Gays criticise state media coverage of Icelandic leader's visit

No mention of Johanna Sigurdardottir's lesbian wife Jonina Leosdottir in CCTV prime-time slot

PUBLISHED : Wednesday, 17 April, 2013, 12:00am
UPDATED : Wednesday, 17 April, 2013, 5:00am


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The gay and lesbian community slammed state broadcaster CCTV for not mentioning the wife of Iceland's openly gay prime minister in prime-time coverage of her state visit to China.

CCTV aired footage on Monday and last night of Johanna Sigurdardottir's visit. She has met President Xi Jinping and Premier Li Keqiang.

However, there was no mention of Icelandic first lady Jonina Leosdottir. The omission triggered comments online, particularly among gays and lesbians who have been following the prime minister's visit.

Elsie Liao Mengru , a university student in Beijing who has been trying to legally wed her lesbian partner, said she was disappointed to see the lesbian leader not properly represented in China.

"This shows the nation's usual practice of deliberately ignoring or neglecting gay and lesbian issues in China," she said.

This shows the nation's usual practice of deliberately ignoring or neglecting gay and lesbian issues in China

Sigurdardottir arrived in Beijing on Saturday for a five-day visit.

Hong Kong-based Phoenix TV reported that Sigurdardottir thanked Li for receiving her and her wife on Monday evening.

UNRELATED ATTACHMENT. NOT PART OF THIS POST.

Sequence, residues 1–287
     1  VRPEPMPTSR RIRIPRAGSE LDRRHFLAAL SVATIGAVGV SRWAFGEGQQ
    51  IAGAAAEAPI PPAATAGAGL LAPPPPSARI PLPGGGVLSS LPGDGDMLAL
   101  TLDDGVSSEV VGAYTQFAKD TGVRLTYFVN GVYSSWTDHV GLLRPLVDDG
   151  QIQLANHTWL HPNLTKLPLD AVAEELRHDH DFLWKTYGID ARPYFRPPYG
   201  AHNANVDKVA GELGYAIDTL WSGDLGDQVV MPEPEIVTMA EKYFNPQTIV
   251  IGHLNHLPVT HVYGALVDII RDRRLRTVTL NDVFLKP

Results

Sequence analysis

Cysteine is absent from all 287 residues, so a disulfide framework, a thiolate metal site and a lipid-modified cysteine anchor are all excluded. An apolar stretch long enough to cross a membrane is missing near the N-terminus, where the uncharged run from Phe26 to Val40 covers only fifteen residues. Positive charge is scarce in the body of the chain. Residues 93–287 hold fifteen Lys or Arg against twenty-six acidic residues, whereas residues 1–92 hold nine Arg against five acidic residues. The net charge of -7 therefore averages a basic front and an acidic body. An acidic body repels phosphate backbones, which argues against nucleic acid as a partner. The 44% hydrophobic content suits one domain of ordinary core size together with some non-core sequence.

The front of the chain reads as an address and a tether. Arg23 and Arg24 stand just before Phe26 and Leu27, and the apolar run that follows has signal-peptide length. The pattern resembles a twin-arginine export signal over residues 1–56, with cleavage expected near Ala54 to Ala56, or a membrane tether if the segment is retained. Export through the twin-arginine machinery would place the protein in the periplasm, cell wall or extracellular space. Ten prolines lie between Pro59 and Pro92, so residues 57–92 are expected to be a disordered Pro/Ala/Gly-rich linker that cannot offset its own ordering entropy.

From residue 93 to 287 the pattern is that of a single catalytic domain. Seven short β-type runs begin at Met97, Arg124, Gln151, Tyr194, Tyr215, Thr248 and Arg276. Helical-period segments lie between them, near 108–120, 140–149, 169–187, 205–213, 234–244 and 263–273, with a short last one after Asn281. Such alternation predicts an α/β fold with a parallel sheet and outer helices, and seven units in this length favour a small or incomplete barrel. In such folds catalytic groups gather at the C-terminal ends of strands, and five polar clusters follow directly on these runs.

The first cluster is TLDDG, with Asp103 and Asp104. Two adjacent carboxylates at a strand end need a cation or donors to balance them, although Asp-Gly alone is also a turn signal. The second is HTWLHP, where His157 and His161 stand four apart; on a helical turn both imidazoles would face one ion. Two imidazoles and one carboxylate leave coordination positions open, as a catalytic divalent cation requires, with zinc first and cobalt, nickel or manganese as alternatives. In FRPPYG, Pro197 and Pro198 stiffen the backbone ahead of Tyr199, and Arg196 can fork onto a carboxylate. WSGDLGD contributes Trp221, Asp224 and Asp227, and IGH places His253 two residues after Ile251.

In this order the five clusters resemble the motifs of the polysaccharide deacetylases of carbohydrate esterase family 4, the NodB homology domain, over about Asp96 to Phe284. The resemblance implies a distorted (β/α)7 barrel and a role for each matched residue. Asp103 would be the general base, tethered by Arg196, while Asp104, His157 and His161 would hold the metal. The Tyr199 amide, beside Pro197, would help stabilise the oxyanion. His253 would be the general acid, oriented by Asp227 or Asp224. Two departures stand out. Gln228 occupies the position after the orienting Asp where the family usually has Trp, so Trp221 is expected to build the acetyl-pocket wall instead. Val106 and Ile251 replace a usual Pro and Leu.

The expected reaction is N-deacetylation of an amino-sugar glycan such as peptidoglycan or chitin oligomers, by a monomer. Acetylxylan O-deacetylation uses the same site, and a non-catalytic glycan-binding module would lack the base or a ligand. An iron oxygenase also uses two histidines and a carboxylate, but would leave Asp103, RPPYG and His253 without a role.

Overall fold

"I particularly wish to express my gratitude for your friendly hospitality to me and my wife. I was very welcomed, no matter where I went in Beijing," she was quoted by the broadcaster as saying.

This was not reported in CCTV's news reports or in stories by Xinhua and the People's Daily.

Hu Zhijun , executive director of PFLAG China, a Guangzhou-based rights group that advocates on behalf of the homosexual community, said the treatment by state media highlighted Beijing's ignorance towards homosexuality.

"It shows that authorities … fear they might be promoting a homosexual lifestyle if they include her [Leosdottir] in the news," Hu said. "I personally know about 60 Chinese civil servants who are gay. There are many more who have never dared to come out of the closet.

"I think her visit is exciting. It's an encouragement to the many gay officials living in the dark."

Lu Pin , programme manager for the Beijing-based Media Monitor for Women Network, said the visit had served up the issue of legalising gay marriage on a plate for the government. "Even though her wife was not in the official news, she is trending in China's social media," Lu said. "This helps raise awareness about the issue."